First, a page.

The history of the Sinclair family in Scotland is a subject of intense interest, especially after the publication of The Da Vinci Code. Sadly, this has continued a myth-making process that was started long ago by the Victorians.

For sure, the Sinclairs made their mark on Scotland, but they are not a Highland clan with a prehistory stretching back to early times. The first Sinclair was supposed to have arrived in Scotland from England around 1067, a consequence of the uneasy rivalry between the Scottish king Malcolm and William, the Norman conqueror of England. This was the story told by van Bassan and repeated by Father Hay in his genealogy of the Roslin St. Clairs about 1700. However, it is just as likely that, according to a contemporary chronicler, the St. Clairs accompanied king William ‘the Lion’ on his return to Scotland in 1174 after imprisonment in Normandy.

Alan de Sinclair and Henry de Sinclair both received  land from William de Morville prior to his death in 1196. William was Constable of Scotland and a strong argument has been made by historians that the appearance of St. Clairs in Scotland had much to do with the Morville family, who knew of the St. Clair family in England and Normandy.

Alan was a witness to a charter by Hugh (II) de Morville, William’s grandfather, and previously Constable of Scotland, and the land he and Henry received later became part of Herdmanston. What has yet to be shown is whether another St. Clair received land at Roslin at the same time. If that was the case, it would increase the likelihood that the founders of Herdmanston and Roslin were from the same family. Roslin, after all, is only a short distance from Herdmanston.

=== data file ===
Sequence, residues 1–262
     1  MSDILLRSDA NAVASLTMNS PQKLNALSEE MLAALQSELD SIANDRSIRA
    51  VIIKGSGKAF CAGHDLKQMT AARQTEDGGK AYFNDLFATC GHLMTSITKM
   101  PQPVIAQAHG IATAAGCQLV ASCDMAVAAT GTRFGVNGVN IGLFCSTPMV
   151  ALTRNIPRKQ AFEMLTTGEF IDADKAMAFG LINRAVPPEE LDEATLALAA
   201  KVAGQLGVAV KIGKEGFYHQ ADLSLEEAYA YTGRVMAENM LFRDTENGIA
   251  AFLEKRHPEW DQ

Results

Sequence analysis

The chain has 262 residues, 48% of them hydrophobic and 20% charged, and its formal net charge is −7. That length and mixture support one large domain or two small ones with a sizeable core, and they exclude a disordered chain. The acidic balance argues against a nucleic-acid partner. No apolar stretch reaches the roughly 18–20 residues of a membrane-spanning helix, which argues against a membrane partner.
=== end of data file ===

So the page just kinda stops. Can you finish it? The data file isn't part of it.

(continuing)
There were several early charters witnessed by men with the title of Roslin, but the first mention of a St. Clair in connection with Roslin was when Henry de Roslin passed his lands to William de Sinclair. Father Hay could not be sure whether this charter was issued during the reign of king Alexander II or III, so the date might have been either 1245 or 1280. But William de St. Clair was Sheriff of Edinburghshire (Edinburgh, Linglithgow and Haddington) in 1264 and Sir William Sinclair of Roslin was appointed Sheriff of Edinburgh for life in 1271. This predates Roslin being passed to William during Alexander III’s reign, so the first Sinclair to hold Roslin must have been the William who received it from Henry de Roslin in 1245. Henry de Roslin might then have been the same Henry de St. Clair who held Herdmanston, and arranged to pass Roslin to William, one of his sons, and Herdmanston to another son.


An early photograph showing Rosslyn Castle in the foreground, and Rosslyn Chapel on College Hill behind. Unfortunately, tree cover no longer allows us to see such a spectacular view. It is thought that the Chapel was built on the site of the original castle. Copyright courtesy of RCAHMS (Photographer: John Patrick). Licensor